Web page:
You’re teaching your child to tie their shoes for the first time. With your parent’s help, you’ve long since mastered the task—you were a brilliant, model student. Now it’s your turn. With your clear, expert instructions, your child will understand and perform flawlessly. For good measure, you repeat your instructions, your child nodding in agreement. You think, “There’s no way they can get this wrong.” Eager to show you what they’ve learned, your child confidently attempts to tie their shoes, doing precisely the opposite of what you believe you’ve instructed.
Confident in the clarity of your instructions, you conclude, “My child is either not capable of following simple directions, or they’re just being lazy.” Maybe, but there might be other, more charitable explanations. It may be that your intelligent and diligent child was simply distracted by the need to use the restroom during your lecture. Or, perhaps your common-sense instructions, as clear as they seemed to you, were neither common nor clear when perceived through your child’s eyes, ears, and experience.
The above scenario illustrates an interaction that frequently occurs between humans. Multiple people experiencing the same event will often have different perspectives, different perceptions, different interpretations, and different but equally confident conclusions.
Psychologists have found that people (like our hypothetical parent above) often believe they see the world as it “really is.” They are confident that they perceive “true” reality. Inevitably, these same people will encounter others who operate from different perspectives (such as our shoe-tying child) and will be compelled to reconcile the different outcomes. Some will conclude that those who disagree with their interpretations or conclusions must suffer from a personal flaw. These disagreements can be seen as the product of people who are irrational, ignorant, failing to understand, or not as educated. But there may be another reason.
This article introduces readers to the mindset known as “naïve realism” and highlights some of its implications for force review.
A Chain of Three Naïve Beliefs
Psychologists use the phrase naïve realism to describe three related aspects of how humans tend to evaluate their judgment against those of others.
First, humans tend to assume their perception of something (and the world generally) is objectively correct.1 They believe they perceive the “true” reality and that their conclusions are free from bias or distortion. Instead, they view their judgment as the obvious result of simply applying common sense.2 In other words, “The [fill in the blank] speaks for itself!”
Second, people tend to believe any other rational person viewing the same event will have the same reaction, conclusion, and opinion.2 “I’m right, and reasonable people will see that I’m right.”
Third, people tend to draw adverse and uncharitable conclusions about those who offer alternative interpretations of the same information. While people are generally blind to the possibility that their own perception could be distorted, they may nevertheless assume anyone holding an alternative view (based on the same information) must be flawed, influenced by bias, self-interest, irrationality, or laziness.2 “I’m obviously right, and there must be something wrong with you.”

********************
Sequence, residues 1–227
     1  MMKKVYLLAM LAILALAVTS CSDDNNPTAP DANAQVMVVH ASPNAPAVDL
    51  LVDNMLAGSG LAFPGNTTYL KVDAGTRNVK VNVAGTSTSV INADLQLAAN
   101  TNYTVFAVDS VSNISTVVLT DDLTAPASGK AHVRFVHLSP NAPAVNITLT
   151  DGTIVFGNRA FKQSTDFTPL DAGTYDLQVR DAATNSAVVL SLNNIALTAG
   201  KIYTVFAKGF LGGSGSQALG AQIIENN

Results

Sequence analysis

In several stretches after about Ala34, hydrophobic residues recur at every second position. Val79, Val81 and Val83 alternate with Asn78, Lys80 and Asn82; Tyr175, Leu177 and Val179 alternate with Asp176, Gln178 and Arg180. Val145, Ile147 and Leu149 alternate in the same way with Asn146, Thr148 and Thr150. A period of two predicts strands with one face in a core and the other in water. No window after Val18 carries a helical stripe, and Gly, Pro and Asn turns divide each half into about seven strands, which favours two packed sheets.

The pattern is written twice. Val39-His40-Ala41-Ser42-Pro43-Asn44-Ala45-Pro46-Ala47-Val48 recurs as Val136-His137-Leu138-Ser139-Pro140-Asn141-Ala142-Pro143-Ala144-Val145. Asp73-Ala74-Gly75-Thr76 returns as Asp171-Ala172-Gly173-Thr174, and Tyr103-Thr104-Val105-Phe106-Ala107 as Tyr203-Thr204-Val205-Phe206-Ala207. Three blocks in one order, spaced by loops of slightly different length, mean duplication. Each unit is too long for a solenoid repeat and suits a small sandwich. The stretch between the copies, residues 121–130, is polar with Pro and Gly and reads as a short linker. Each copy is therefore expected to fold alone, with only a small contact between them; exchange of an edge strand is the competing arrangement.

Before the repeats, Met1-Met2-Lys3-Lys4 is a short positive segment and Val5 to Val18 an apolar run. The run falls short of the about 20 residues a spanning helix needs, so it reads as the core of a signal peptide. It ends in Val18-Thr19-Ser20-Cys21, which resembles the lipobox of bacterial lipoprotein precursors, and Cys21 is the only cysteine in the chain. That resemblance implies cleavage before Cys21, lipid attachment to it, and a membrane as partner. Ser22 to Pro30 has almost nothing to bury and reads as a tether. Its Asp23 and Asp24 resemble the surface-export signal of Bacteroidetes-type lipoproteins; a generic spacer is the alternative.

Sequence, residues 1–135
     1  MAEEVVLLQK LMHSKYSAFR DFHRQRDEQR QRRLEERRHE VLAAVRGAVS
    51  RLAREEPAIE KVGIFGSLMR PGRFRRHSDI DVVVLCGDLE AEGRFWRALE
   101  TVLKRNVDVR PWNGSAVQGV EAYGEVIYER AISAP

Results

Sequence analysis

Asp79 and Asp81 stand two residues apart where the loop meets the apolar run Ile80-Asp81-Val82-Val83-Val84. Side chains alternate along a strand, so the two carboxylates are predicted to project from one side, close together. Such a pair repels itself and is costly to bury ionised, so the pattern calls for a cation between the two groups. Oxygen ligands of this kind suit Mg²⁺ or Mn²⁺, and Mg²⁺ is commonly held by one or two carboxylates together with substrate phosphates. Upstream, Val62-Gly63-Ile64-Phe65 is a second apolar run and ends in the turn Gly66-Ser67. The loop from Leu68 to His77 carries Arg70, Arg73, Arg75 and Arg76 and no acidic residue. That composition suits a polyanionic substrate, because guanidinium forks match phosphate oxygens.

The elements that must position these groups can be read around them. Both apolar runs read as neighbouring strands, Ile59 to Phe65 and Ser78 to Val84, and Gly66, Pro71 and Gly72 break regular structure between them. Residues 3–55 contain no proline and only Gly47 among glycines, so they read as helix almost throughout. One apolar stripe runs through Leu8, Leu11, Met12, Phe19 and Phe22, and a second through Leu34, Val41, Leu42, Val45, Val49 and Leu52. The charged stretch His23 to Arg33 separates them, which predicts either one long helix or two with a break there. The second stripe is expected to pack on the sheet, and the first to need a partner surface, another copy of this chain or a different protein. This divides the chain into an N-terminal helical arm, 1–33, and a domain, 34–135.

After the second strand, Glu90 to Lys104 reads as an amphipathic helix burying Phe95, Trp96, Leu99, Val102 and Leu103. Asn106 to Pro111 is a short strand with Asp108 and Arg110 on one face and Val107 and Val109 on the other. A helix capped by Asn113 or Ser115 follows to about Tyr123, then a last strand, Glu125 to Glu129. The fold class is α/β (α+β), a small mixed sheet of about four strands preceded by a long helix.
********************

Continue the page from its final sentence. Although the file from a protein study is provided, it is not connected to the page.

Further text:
People who think this way may not recognize how their biases, experiences, or beliefs contribute to their perceptions and conclusions.3 They may fail to consider whether their conclusion is based on inaccurate or otherwise limited information.4
A naïve realist may be inclined to believe that complex information and events require no subjective interpretation at all. They may fail to seek additional information or consider alternative interpretations during decision-making. This mindset leads people to believe they have arrived at the singular, correct, and only possible conclusion, such that additional information or viewpoints become irrelevant. Besides, anyone holding a contrary viewpoint must be biased, crazy, or worse.
Not surprisingly, researchers have identified the naïve realist mindset as a factor in various social and political disputes. Researchers have also suggested that naïve realism may impact the weight decision-makers give to certain types of information. More research is needed regarding the impact of this mindset on the criminal justice system. In the meantime, the following points are worth pondering.
Everybody’s Doing It
While naïve realism may seem incredibly arrogant and off-putting, researchers have found that it is a common default human mindset; deep-seated, fundamental, and universal in human thought processes.5 In other words, all humans—even the most sophisticated and self-conscious among us—tend to believe they are correct and unbiased while viewing others as incorrect and biased.6